Three Room’s Press’s new Fall release, THE OBAMA INHERITANCE: 15 Stories of Conspiracy Noir, has entered the world, and we’re launching it off right with a series of cross-country events featuring author readings and discussions. On Thursday, November 2nd, “Evens” author Nisi Shawl is taking over Third Place Books-Ravenna, in Seattle, and on Friday, November 3rd, East City Bookshop in Washington, D.C. is hosting “The Psalm of Bo” author Christopher Chambers. To whet your appetite for these phenomenal events, Three Rooms Press co-founder Peter Carlaftes offers a mini Q&A with Shawl and Chambers!
With so many conspiracy theories about President Obama available, why did you choose the one you chose for your story?
Nisi Shawl: I picked the premise I chose for “Evens”—Ruth Bader Ginsburg cloning herself—because I believe the composition of the US Supreme Court is one of Obama’s most significant legacies. Its significance naturally makes it a topic for speculation and rumor-mongering. The manipulation of legislative hearings preventing Obama from naming Scalia’s replacement was only very slightly removed from that rumor-mongering. Also, Ginsburg is an interesting figure who has a vivid personality and an active, fervent following. Prime fiction material, in other words.
Christopher Chambers: I chose the Bo and Sunny angle because a long time ago, Walter Mosley, in a past anthology Black Pulp told me not to take the road less traveled, but rather “cut a new one.” Now, he wasn’t being profound . . . he just wanted me to stop pestering him so he could work on his own story! The snark coming from wingnuts, racists, etc. over something as innocuous as dogs made me wonder what would happen if I took the opposite end of the continuum from innocuous, then multiplied by a hundred.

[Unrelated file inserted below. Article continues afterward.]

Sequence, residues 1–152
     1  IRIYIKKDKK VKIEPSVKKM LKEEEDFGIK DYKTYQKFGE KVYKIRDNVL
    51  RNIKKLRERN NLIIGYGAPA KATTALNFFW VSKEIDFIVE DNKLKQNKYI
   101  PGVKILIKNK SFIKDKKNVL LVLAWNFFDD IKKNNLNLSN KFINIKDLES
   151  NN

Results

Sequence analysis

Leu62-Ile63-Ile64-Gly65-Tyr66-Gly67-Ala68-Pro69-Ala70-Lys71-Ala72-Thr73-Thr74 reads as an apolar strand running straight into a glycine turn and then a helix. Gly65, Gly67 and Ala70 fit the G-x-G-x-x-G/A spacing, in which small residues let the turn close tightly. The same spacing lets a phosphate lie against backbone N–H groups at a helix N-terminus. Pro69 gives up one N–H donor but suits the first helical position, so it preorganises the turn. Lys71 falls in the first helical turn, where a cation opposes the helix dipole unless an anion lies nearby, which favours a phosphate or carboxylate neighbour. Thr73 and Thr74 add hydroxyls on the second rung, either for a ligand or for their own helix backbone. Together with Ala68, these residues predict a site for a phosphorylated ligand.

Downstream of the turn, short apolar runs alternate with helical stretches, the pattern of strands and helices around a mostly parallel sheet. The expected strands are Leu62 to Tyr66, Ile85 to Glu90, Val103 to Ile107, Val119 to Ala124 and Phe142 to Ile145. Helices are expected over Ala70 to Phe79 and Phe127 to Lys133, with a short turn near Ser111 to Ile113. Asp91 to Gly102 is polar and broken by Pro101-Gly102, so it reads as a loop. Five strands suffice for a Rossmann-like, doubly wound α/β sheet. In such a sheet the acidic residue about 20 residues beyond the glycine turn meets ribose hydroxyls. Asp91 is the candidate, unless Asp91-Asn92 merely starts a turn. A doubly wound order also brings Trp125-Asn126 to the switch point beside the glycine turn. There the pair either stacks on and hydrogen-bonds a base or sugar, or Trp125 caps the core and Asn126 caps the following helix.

Why do you think it is important to create alternative fictions of the conspiracy theories made up about President Obama?
NS: In reaction to those hating on Obama we can laugh or get mad. Or do both, which is what irony consists of, IMO. By pushing these ridiculous scenarios to their logical extremes and detailing all their absurd glory, it’s possible for us to simultaneously highlight their impossibility and have fun!
CC: I think amazing times inspire amazing art. These stories season and compliment those times. Not out of fawning worship to the man, but to provide texture and tribute to the times. It’s like someone who comes along to correct a nasty rumor, and does it with a wink and smile. Or a cold glare. Either works.
What do you hope the impact of your story and this anthology will be?
NS: First, I hope people will enjoy the humor and playfulness I wrote “Evens” to refresh their souls with. Second, I hope my story will cause people to pay attention to the issues at stake, and the way they affect all our lives, and the bases on which those issues are decided. Maybe readers will get a little more involved, chuckling inside themselves all the time over what I wrote.
CC: I’m hoping the impact of my story will be to help propel the collection as a bestseller. That’s the practical side. Otherwise, I’d love readers to parse the many layers of the story’s allegory and irony, spot the hidden Obama quotes and quotes by other famous people, and know that yeah, the dog is here to redeem us. Woof.